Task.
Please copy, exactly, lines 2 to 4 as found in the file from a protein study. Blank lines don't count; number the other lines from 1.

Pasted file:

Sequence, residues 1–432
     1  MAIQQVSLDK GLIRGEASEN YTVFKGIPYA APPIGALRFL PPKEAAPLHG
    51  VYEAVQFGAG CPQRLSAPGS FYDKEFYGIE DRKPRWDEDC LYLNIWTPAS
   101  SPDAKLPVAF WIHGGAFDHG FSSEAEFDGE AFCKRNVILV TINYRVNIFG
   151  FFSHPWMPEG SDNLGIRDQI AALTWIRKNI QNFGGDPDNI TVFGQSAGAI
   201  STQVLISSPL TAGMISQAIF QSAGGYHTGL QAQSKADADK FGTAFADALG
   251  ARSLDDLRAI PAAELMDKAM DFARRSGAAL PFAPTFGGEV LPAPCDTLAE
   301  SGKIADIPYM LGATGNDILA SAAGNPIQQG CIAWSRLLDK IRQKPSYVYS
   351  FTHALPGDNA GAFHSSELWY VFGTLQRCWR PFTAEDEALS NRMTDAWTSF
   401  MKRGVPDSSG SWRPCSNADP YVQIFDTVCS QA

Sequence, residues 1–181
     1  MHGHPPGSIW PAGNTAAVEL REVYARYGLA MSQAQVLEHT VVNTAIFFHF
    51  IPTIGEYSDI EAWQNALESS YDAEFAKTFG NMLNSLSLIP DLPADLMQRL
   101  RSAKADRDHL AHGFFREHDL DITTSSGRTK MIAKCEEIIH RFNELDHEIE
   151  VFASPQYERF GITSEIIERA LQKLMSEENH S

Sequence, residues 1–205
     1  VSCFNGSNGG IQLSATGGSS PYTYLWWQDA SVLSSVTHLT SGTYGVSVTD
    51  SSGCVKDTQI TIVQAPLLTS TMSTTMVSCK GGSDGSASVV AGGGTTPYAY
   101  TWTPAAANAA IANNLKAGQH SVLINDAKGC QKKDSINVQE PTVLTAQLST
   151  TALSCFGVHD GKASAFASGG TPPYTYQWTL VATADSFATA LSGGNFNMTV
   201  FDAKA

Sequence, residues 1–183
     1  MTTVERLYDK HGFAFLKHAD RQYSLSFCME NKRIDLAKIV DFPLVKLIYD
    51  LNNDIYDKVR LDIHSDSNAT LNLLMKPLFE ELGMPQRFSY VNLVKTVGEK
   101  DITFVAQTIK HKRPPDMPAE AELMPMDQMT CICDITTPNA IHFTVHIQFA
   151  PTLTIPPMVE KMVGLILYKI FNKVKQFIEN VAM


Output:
     1  MAIQQVSLDK GLIRGEASEN YTVFKGIPYA APPIGALRFL PPKEAAPLHG
    51  VYEAVQFGAG CPQRLSAPGS FYDKEFYGIE DRKPRWDEDC LYLNIWTPAS
   101  SPDAKLPVAF WIHGGAFDHG FSSEAEFDGE AFCKRNVILV TINYRVNIFG